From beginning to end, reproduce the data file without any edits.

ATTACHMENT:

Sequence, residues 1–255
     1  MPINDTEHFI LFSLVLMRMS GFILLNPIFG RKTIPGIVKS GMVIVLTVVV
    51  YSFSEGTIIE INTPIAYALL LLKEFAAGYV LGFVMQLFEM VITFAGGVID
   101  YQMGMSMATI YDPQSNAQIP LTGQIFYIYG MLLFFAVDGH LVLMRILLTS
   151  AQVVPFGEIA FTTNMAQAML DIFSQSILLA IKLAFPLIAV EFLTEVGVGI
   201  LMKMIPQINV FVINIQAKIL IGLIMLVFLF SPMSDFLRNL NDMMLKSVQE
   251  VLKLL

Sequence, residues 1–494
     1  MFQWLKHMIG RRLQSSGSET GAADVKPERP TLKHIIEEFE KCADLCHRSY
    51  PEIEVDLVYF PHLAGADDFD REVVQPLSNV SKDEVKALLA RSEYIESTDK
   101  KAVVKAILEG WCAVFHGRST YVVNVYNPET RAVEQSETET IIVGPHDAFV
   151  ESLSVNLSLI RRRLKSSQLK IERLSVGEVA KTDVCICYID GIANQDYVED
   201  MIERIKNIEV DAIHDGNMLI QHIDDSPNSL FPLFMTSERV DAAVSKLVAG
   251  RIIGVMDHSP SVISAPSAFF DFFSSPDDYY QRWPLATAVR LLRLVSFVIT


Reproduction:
Sequence, residues 1–255
     1  MPINDTEHFI LFSLVLMRMS GFILLNPIFG RKTIPGIVKS GMVIVLTVVV
    51  YSFSEGTIIE INTPIAYALL LLKEFAAGYV LGFVMQLFEM VITFAGGVID
   101  YQMGMSMATI YDPQSNAQIP LTGQIFYIYG MLLFFAVDGH LVLMRILLTS
   151  AQVVPFGEIA FTTNMAQAML DIFSQSILLA IKLAFPLIAV EFLTEVGVGI
   201  LMKMIPQINV FVINIQAKIL IGLIMLVFLF SPMSDFLRNL NDMMLKSVQE
   251  VLKLL

Sequence, residues 1–494
     1  MFQWLKHMIG RRLQSSGSET GAADVKPERP TLKHIIEEFE KCADLCHRSY
    51  PEIEVDLVYF PHLAGADDFD REVVQPLSNV SKDEVKALLA RSEYIESTDK
   101  KAVVKAILEG WCAVFHGRST YVVNVYNPET RAVEQSETET IIVGPHDAFV
   151  ESLSVNLSLI RRRLKSSQLK IERLSVGEVA KTDVCICYID GIANQDYVED
   201  MIERIKNIEV DAIHDGNMLI QHIDDSPNSL FPLFMTSERV DAAVSKLVAG
   251  RIIGVMDHSP SVISAPSAFF DFFSSPDDYY QRWPLATAVR LLRLVSFVIT